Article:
Indexed on: 08 Dec '20Published on: 08 Dec '20Published in: The neuroradiology journal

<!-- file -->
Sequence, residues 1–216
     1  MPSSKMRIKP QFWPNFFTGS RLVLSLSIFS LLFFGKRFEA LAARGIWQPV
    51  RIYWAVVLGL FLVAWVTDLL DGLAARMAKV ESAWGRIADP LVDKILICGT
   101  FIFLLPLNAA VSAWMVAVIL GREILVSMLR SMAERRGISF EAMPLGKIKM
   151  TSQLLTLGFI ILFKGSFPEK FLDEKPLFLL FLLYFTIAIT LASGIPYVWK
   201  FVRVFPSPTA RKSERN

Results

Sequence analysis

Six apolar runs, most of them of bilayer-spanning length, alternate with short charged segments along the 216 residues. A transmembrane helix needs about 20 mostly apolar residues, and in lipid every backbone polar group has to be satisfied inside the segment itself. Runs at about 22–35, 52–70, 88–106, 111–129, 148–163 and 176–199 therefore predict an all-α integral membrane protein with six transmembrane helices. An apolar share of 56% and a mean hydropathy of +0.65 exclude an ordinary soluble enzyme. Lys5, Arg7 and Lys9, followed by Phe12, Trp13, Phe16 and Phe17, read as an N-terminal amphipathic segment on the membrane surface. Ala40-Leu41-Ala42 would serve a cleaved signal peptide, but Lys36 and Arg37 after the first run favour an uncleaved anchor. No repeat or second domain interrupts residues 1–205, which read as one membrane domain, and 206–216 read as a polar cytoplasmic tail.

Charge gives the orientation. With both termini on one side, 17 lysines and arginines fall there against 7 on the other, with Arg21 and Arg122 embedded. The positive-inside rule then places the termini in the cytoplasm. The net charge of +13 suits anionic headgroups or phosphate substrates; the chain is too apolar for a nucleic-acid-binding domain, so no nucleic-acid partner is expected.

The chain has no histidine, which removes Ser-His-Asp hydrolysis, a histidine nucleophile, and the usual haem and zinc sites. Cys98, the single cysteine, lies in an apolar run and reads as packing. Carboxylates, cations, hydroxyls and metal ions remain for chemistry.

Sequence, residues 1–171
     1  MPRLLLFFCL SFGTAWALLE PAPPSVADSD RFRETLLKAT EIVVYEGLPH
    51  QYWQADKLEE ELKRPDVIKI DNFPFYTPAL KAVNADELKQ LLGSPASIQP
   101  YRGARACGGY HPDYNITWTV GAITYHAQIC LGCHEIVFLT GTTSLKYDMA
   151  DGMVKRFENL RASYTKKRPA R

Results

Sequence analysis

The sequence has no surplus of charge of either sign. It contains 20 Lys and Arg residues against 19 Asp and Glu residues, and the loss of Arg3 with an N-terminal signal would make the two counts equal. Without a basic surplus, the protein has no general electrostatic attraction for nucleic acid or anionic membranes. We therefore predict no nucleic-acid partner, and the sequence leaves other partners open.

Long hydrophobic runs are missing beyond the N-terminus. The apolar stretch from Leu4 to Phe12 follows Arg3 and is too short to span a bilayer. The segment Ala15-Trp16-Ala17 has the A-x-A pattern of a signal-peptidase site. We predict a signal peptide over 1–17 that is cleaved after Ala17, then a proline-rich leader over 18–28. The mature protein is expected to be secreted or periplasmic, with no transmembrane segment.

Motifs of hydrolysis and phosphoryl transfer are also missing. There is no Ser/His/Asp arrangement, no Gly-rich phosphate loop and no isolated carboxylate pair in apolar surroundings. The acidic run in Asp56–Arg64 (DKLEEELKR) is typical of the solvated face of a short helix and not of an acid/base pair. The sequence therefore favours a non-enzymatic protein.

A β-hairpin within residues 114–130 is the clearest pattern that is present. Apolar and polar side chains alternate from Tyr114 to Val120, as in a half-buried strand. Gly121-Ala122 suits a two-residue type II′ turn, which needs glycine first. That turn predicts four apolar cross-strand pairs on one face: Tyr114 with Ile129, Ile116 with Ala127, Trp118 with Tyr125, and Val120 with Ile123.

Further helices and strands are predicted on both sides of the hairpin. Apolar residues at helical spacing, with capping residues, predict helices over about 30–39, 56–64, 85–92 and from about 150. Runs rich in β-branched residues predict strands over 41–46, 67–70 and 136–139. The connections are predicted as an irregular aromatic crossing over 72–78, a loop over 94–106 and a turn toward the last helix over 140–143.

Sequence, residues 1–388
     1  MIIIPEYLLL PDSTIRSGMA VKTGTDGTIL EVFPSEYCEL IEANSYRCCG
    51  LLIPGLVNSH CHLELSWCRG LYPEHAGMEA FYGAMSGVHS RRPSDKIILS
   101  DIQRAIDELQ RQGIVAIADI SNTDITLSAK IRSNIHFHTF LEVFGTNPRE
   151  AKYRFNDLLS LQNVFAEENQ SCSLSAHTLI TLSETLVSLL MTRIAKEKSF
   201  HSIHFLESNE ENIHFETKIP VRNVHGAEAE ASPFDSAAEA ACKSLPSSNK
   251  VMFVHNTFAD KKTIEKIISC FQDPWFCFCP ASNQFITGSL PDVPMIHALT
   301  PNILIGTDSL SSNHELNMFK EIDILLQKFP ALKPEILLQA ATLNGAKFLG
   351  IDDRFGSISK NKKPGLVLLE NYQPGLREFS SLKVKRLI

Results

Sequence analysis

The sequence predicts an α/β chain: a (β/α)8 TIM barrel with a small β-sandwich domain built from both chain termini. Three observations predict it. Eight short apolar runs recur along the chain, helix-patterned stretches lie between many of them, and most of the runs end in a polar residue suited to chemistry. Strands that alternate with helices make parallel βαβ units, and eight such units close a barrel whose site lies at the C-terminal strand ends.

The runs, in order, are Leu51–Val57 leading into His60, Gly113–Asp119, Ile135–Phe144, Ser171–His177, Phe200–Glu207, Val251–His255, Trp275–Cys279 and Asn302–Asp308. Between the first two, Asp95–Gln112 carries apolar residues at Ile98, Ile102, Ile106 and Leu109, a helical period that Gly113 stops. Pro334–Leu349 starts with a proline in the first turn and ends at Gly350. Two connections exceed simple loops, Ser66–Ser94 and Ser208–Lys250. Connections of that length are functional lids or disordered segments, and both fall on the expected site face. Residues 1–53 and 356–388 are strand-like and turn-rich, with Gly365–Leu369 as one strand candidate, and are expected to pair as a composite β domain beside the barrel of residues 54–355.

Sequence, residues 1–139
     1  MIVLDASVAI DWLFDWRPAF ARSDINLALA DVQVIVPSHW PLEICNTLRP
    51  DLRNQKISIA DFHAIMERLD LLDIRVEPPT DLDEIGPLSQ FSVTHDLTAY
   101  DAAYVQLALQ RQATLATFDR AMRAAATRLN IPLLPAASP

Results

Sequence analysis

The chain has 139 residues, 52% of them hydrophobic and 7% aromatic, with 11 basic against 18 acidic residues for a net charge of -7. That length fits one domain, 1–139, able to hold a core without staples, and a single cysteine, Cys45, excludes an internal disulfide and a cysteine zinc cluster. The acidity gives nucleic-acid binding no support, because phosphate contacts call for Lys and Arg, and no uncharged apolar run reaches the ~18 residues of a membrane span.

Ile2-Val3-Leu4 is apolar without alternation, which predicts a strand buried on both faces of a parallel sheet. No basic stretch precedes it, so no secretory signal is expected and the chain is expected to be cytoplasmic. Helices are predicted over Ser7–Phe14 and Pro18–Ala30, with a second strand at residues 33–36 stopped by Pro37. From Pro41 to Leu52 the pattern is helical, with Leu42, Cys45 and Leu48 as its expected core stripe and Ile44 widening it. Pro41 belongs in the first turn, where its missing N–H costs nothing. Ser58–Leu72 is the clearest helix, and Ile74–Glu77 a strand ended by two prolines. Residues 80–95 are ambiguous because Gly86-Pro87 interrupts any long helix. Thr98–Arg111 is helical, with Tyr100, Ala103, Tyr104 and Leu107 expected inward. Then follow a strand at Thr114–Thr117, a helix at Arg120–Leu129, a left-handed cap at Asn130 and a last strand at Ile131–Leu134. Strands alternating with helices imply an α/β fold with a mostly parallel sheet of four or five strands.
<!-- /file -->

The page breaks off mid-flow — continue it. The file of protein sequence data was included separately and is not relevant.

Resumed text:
Vertebral artery stump syndrome is a rare disease associated with a posterior circulation stroke after vertebral artery origin occlusion. However, few reports have addressed its management. We herein present a case involving a patient with vertebral artery stump syndrome who underwent successful intravascular intervention. We also present a literature review of previous cases of this rare disease. The present case involved a 91-year-old man with acute onset of vertigo and disturbance of consciousness. Diffusion-weighted imaging showed an acute ischaemic stroke in the bilateral cerebellar hemispheres. Magnetic resonance angiography revealed left vertebral artery origin occlusion. Angiography detected a nearly occluded left vertebral artery site, with distal antegrade collateral flow via the deep cervical artery at the C6 level. We observed intravascular stasis at the proximal end of the left vertebral artery via the collateral flow. We performed percutaneous transluminal angioplasty towards the occluded left vertebral artery site. The flow from the left vertebral artery was significantly improved. This is the first report of percutaneous transluminal angioplasty performed for vertebral artery stump syndrome. Although vertebral artery stump syndrome has a high risk of recurrence and a poor prognosis, endovascular intervention showed a better outcome than pharmacotherapy in our patient. However, such cases are rare and further investigations are needed.